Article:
in our free newsletter.

Thousands benefit from our email every week.

Charity becomes the owner of a life insurance policy

If you have a term-life policy - that is, a policy that covers you for a certain number of years - that you’re not going to renew, gifting the benefit can optimize the investment you’ve made over the years.

Making the charity the irrevocable owner of your policy has a lot of advantages.

The main one being that you’ll receive a tax receipt to use in the year of the donation. The amount of this receipt is based on the fair market value of your policy which refers to the current value of your policy, taking into account factors like your age and health. This is generally greater than the cash surrender value (CSV), which is the value after a surrender fee is deducted.

If you make a charity the owner of your life insurance policy, they will be responsible for paying any ongoing premiums. If you choose to continue paying the premiums yourself, you can receive a tax receipt for the payments you make.

If you’re unable to claim the entirety of the tax credit in that year, the good news is you can carry it forward for up to five years.

When the policy matures, your chosen charity will receive the full benefit of your policy.

Good credit is important for your financial health, and Borrowell can help you take a turn for the better. Sign up for Borrowell to get your credit score and credit report for free!

Sign up

Name a charity as beneficiary

If you want your estate to have the benefit of a charitable tax receipt, naming the charity as the beneficiary in your life insurance policy is the optimal way to go.

In this instance, you will retain the ownership of the policy, and are free to name as many beneficiaries as you want. If the charity you name as a beneficiary isn’t irrevocable, that is they are not permanent, you can always remove them at a later date.

Upon your passing, the charity you have named will receive your policy’s benefit, while your estate will receive a tax receipt for the donation amount.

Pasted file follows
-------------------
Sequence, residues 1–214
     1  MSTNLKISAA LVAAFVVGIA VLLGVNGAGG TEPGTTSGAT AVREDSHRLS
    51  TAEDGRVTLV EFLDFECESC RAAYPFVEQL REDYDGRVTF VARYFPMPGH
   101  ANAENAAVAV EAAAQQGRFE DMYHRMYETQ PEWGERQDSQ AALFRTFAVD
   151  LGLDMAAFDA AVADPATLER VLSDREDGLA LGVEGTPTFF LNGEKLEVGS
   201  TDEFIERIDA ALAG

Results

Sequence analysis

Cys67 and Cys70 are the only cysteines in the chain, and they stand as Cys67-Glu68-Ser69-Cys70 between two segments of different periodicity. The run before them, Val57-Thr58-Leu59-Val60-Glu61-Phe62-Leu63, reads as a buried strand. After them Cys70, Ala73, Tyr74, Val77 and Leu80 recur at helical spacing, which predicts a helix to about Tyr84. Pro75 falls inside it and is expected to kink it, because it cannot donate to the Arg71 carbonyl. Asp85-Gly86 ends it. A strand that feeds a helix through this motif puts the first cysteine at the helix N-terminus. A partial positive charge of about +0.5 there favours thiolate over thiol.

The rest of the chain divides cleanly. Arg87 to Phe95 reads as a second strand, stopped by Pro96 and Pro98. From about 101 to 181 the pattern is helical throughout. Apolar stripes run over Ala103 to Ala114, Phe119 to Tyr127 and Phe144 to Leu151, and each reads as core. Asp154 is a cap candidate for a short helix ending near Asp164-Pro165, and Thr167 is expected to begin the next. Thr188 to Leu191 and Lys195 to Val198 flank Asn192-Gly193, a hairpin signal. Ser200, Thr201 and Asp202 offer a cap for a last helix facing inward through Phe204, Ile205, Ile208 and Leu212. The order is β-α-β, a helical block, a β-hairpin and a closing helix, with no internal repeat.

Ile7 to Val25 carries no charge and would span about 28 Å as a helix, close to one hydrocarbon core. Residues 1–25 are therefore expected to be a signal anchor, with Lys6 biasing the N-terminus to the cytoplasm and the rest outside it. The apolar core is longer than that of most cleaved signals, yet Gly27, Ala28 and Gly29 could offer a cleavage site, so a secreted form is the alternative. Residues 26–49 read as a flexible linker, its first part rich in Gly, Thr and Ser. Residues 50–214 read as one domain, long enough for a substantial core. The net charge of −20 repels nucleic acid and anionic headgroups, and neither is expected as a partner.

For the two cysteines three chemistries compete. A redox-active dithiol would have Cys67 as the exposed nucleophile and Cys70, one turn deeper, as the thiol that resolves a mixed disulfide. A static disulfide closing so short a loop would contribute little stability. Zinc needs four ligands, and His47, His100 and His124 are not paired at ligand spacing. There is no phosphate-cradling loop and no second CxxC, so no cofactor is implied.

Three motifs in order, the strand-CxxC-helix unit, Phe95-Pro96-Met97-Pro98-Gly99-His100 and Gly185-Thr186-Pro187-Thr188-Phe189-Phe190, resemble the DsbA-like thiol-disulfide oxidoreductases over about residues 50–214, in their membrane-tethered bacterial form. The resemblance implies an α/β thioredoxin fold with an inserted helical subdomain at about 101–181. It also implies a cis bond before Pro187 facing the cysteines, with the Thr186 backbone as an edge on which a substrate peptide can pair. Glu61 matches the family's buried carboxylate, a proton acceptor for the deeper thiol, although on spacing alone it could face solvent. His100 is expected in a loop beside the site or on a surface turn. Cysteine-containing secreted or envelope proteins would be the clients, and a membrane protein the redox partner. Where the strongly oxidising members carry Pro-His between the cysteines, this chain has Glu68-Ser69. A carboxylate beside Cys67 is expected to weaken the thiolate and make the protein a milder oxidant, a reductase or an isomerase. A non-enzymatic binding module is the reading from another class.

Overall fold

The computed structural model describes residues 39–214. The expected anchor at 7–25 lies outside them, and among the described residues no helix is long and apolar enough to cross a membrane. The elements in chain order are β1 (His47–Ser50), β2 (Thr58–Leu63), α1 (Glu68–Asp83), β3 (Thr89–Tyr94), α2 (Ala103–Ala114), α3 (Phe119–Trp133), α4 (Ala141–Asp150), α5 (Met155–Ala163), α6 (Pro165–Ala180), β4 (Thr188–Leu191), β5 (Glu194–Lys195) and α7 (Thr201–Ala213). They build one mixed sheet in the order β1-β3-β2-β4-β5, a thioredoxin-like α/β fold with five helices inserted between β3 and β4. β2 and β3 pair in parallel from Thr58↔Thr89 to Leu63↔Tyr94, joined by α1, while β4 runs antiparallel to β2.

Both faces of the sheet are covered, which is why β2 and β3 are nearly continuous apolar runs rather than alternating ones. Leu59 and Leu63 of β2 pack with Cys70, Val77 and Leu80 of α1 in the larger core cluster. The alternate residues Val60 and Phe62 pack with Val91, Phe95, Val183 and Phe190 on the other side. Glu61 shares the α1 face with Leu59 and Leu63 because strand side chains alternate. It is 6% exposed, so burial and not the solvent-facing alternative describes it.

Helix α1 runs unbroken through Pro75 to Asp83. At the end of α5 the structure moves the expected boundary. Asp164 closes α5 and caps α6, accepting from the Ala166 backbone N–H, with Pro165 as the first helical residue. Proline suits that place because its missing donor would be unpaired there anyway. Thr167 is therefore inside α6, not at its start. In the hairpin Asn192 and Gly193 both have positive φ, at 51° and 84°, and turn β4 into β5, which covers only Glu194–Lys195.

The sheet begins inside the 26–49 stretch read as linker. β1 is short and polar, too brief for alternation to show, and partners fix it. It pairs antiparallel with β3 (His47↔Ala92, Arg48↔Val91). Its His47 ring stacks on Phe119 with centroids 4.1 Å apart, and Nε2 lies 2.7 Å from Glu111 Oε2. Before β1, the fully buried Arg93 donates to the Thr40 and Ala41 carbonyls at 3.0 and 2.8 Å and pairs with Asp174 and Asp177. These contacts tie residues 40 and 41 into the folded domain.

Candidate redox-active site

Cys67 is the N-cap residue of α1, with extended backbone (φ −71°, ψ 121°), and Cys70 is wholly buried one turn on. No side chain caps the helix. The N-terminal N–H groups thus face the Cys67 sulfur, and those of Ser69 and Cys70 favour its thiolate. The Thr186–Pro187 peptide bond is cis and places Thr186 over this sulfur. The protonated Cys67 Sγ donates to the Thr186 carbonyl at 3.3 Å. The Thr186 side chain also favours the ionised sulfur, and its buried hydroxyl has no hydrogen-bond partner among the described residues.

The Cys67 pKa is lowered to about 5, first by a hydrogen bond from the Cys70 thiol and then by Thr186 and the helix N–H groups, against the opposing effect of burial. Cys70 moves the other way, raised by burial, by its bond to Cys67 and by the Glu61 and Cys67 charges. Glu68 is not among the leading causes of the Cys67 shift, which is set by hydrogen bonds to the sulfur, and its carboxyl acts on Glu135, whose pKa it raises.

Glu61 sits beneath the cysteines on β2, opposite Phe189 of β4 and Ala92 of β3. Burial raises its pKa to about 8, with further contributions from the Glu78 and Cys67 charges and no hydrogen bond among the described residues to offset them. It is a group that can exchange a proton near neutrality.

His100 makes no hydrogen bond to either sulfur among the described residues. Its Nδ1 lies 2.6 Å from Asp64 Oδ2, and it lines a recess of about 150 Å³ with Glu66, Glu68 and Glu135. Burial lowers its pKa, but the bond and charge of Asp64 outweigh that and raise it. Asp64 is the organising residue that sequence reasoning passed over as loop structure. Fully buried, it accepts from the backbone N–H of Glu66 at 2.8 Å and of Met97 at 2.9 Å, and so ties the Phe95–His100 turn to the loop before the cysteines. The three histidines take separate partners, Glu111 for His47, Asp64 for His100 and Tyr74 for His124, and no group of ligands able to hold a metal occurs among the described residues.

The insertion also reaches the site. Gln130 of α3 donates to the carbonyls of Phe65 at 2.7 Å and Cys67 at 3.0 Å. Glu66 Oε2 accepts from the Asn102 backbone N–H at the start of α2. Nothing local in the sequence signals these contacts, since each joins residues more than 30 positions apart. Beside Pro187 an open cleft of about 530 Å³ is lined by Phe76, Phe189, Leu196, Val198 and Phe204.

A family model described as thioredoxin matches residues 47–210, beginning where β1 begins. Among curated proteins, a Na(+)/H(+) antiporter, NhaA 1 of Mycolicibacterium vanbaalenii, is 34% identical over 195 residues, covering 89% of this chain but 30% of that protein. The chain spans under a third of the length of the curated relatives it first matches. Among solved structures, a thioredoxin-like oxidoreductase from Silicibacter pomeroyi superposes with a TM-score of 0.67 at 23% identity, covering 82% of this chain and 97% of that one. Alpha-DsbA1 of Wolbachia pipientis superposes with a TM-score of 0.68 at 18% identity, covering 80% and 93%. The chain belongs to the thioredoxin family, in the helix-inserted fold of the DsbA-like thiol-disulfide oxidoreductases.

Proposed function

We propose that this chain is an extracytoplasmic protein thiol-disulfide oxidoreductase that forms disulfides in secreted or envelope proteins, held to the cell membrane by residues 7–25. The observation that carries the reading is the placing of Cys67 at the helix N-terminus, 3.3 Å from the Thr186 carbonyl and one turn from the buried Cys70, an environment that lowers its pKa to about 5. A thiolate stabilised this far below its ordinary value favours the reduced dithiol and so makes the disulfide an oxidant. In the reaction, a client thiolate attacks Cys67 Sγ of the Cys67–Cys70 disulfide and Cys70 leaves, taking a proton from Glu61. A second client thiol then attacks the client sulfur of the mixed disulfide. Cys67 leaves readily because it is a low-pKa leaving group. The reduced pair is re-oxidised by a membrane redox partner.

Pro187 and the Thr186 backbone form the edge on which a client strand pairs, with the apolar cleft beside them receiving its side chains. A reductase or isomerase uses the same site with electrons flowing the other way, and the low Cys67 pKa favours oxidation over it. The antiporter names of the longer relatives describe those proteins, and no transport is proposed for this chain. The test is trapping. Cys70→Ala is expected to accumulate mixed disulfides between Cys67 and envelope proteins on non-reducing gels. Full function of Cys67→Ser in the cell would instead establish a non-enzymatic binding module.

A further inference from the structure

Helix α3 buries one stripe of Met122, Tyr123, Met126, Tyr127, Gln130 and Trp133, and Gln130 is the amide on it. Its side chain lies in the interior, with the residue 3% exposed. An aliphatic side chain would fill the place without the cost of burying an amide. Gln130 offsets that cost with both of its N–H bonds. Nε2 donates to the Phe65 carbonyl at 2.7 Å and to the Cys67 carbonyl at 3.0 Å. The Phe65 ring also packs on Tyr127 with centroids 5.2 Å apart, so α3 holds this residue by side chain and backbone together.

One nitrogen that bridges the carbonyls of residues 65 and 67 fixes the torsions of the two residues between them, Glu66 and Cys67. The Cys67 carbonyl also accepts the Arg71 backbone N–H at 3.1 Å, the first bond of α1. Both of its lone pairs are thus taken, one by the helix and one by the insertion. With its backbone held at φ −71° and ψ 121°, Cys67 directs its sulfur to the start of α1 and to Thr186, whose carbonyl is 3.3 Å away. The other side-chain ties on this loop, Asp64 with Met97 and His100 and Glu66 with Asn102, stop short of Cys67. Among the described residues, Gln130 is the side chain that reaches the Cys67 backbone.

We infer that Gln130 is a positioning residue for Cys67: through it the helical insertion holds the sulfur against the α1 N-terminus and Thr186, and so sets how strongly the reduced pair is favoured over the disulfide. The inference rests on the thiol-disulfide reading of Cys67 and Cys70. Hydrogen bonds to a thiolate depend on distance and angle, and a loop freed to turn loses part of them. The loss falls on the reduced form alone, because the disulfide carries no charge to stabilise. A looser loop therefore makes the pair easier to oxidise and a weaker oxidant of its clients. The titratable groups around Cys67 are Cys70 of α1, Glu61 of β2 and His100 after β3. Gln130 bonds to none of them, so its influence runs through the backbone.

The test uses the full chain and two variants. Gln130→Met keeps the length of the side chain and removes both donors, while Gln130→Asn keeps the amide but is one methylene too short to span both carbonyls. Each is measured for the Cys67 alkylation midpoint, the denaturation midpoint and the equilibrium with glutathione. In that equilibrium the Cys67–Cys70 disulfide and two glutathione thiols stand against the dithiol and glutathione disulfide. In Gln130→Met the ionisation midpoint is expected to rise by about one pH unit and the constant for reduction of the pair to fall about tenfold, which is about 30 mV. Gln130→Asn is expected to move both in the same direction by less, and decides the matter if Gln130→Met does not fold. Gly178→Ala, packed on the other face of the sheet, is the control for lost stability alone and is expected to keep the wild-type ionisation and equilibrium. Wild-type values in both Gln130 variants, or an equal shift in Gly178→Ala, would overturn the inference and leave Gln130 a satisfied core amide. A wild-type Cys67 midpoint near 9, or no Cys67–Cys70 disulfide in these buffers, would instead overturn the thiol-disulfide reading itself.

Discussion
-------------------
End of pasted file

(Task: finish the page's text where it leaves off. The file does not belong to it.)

Take out a new policy in the name of the beneficiary

Another way in which to donate a life insurance policy’s death benefit to a charity is by taking out a new policy and naming the charity as the beneficiary from the start.

In this case you will be responsible for paying the premiums on a year-by-year basis. At the same time, each year you will receive a tax receipt from the charity to use against your income.

Get a $25 bonus when you open and fund your first Wealthsimple Investment account* (min. $500 initial deposit). Trade and Cash accounts are not eligible. Sign up now to take advantage of this special offer.

Get started

Charitable insured annuity

Annuities provide steady streams of income for individuals when they retire. You pay into it in advance, then will receive a designated amount as an income when the annuity period starts.

When you purchase a charitable insured annuity, you use part of the annuity’s income stream to purchase a life insurance policy. This life insurance policy will have the charitable organization as the named beneficiary.

Each year, part of your annuity will pay for the premiums on your life insurance policy. But because the policy has a charity named as a beneficiary, you can receive a tax receipt for the amount of your premiums.

This method gives you the benefit of receiving a steady retirement income and making regular and continued charitable donations.

By gifting your life insurance benefit to a charity, you can help an organization you support to continue to grow and thrive even after you’re gone. Speak to your financial advisor or charity of choice to find out what options are available to you.

You're 5 minutes away from the best mortgage

Searching for your perfect mortgage shouldn’t be hard.

Homewise is an online brokerage that will negotiate on your behalf with more than 30 big banks and other lenders, completely free, and it only takes five minutes to apply.

If you're in the market for a new mortgage, or if you're looking to refinance before interest rates rise again, go to Homewise now and answer a few simple questions to get started.

What to Read Next


The content provided on Moneywise is information to help users become financially literate. It is neither tax nor legal advice, is not intended to be relied upon as a forecast, research or investment advice, and is not a recommendation, offer or solicitation to buy or sell any securities or to adopt any investment strategy. Tax, investment and all other decisions should be made, as appropriate, only with guidance from a qualified professional. We make no representation or warranty of any kind, either express or implied, with respect to the data provided, the timeliness thereof, the results to be obtained by the use thereof or any other matter.